Try digitalPLUS for 10 days for only $0.99

Op-Eds

News Opinion Op-Eds

No, Martin Luther King would not have endorsed Gun Appreciation Day

Rush Limbaugh thinks John Lewis should have been armed.

"If a lot of African-Americans back in the '60s had guns and the legal right to use them for self-defense, you think they would have needed Selma?" he said recently on his radio show, referencing the 1965 voting rights campaign in which Mr. Lewis, now a congressman from Georgia, had his skull fractured by Alabama state troopers on the Edmund Pettus Bridge. "If John Lewis had had a gun, would he have been beat upside the head on the bridge?"

Right. Because a shootout between protesters and state troopers would have done so much more to secure the right to vote.

Incredibly, that's not the stupidest thing anyone has said recently about the Civil Rights Movement.

No, that distinction goes to one Larry Ward, who claimed in an appearance on CNN that Martin Luther King Jr. would have supported Mr. Ward's call for a Gun Appreciation Day "if he were alive today." In other words, the premiere American pacifist of the 20th century would be singing the praises of guns, except that he was shot in the face with one 45 years ago.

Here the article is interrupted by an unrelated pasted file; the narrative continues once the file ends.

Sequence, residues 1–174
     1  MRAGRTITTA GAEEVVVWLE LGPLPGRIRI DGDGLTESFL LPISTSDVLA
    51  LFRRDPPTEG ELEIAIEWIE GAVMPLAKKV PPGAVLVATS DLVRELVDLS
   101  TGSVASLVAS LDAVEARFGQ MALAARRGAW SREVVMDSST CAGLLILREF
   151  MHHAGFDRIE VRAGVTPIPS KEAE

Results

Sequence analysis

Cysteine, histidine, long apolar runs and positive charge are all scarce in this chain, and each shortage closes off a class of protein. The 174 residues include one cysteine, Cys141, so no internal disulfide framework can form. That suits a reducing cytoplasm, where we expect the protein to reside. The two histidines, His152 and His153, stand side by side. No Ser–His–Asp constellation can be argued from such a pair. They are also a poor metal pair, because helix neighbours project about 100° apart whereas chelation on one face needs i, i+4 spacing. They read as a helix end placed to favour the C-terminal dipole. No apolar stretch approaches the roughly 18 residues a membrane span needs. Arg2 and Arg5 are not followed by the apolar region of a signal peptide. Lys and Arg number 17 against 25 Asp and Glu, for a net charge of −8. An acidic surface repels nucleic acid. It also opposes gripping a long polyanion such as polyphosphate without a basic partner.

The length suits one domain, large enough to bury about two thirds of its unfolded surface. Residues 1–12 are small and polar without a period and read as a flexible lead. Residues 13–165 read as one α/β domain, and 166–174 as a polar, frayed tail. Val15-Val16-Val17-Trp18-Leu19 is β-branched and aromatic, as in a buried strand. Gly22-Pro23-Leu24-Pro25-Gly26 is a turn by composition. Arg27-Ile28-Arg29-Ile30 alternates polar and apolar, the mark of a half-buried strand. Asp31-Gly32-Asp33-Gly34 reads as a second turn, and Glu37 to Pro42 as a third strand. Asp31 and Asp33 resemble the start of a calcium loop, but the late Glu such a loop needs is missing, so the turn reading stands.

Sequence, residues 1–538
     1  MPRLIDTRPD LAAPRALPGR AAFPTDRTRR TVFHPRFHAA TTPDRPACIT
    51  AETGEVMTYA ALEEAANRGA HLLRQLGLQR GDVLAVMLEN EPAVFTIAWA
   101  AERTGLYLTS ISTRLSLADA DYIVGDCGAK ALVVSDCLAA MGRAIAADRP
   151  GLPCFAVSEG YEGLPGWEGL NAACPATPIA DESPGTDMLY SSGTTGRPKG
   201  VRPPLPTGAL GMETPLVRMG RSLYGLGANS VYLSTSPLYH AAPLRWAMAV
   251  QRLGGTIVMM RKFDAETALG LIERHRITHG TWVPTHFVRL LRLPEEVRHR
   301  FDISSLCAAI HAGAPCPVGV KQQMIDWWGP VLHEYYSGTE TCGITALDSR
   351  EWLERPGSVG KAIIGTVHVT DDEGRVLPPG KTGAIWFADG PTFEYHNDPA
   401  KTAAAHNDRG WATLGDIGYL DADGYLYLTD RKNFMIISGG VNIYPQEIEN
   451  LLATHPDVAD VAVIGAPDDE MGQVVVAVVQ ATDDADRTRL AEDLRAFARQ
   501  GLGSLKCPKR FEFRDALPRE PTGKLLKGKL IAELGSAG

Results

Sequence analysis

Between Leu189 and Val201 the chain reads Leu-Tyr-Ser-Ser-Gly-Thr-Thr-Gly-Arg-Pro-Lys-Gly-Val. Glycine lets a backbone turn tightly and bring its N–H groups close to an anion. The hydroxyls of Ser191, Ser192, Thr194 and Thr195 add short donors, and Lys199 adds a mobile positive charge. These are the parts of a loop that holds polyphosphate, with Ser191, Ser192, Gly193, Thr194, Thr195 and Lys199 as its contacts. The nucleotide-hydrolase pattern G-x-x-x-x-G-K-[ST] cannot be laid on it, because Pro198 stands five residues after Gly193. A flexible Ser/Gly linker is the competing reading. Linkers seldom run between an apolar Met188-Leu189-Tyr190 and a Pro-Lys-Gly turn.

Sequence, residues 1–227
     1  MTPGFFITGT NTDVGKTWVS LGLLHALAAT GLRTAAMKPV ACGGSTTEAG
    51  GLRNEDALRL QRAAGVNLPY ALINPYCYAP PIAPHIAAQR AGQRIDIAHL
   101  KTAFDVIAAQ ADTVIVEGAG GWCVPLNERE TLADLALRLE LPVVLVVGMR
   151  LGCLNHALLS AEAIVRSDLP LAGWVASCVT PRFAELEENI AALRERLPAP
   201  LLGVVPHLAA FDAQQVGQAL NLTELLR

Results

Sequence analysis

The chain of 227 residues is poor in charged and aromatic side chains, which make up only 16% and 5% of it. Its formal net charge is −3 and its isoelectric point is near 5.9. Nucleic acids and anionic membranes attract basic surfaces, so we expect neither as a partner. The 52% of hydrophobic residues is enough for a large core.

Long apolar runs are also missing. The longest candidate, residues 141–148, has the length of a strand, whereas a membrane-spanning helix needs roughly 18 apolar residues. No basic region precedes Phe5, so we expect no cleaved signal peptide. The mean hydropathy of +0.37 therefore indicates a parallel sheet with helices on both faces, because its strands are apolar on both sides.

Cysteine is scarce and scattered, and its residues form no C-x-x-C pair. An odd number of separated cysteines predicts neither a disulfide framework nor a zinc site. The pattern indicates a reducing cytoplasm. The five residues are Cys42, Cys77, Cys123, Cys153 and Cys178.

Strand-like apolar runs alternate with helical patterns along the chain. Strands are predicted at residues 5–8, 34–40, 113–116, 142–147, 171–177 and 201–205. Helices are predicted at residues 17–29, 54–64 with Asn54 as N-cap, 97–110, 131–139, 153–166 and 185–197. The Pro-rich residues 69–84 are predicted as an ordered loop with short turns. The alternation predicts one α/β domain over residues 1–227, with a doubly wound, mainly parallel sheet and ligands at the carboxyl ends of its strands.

Thus do social conservatives continue to rewrite the inconvenient truths of African-American history, repurposing that tale of incandescent triumph and inconsolable woe to make it useful within the crabbed corners of their failed and discredited dogma. This seems an especially appropriate moment to call them on it. Not simply because Friday was the first day of Black History Month, but because today is the centenary of a signal event within that history.

Rosa Louise McCauley was born a hundred years ago. You know her better by her married name — Rosa Parks, the quiet, unassuming 42-year-old seamstress from Montgomery, Ala., who ignited the Civil Rights Movement in December 1955 when bus driver J.F. Blake ordered her to give up her seat for a white man and she refused.

Doubtless, Mr. Limbaugh thinks she should have shot Blake instead, but she did not. She only waited quietly for police to come arrest her. Thus began the 381-day Montgomery Bus Boycott.